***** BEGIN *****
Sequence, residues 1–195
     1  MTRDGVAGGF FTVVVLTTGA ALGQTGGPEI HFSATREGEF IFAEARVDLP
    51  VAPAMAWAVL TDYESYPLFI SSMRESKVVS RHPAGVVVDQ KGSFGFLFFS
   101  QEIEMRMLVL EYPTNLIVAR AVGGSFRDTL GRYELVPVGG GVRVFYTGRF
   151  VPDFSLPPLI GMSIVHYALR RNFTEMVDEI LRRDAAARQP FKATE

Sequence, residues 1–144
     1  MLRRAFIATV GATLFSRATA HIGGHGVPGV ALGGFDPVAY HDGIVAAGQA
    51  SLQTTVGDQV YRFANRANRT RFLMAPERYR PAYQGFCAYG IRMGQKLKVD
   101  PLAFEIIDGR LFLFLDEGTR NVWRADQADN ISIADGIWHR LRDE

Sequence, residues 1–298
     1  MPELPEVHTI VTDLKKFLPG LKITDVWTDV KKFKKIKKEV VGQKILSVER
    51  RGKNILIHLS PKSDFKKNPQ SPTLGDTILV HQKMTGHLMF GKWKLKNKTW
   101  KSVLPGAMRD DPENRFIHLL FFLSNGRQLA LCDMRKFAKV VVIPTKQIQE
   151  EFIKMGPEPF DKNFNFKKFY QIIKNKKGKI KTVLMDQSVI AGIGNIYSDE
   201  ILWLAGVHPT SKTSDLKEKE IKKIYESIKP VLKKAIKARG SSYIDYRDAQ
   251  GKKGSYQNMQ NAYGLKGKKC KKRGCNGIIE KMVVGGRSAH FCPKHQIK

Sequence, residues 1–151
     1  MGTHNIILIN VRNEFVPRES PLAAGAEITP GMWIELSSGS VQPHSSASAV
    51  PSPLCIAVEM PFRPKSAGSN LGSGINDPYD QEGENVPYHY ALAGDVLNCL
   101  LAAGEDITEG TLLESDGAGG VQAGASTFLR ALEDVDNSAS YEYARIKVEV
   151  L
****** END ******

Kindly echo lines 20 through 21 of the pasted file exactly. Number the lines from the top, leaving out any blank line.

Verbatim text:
   101  LAAGEDITEG TLLESDGAGG VQAGASTFLR ALEDVDNSAS YEYARIKVEV
   151  L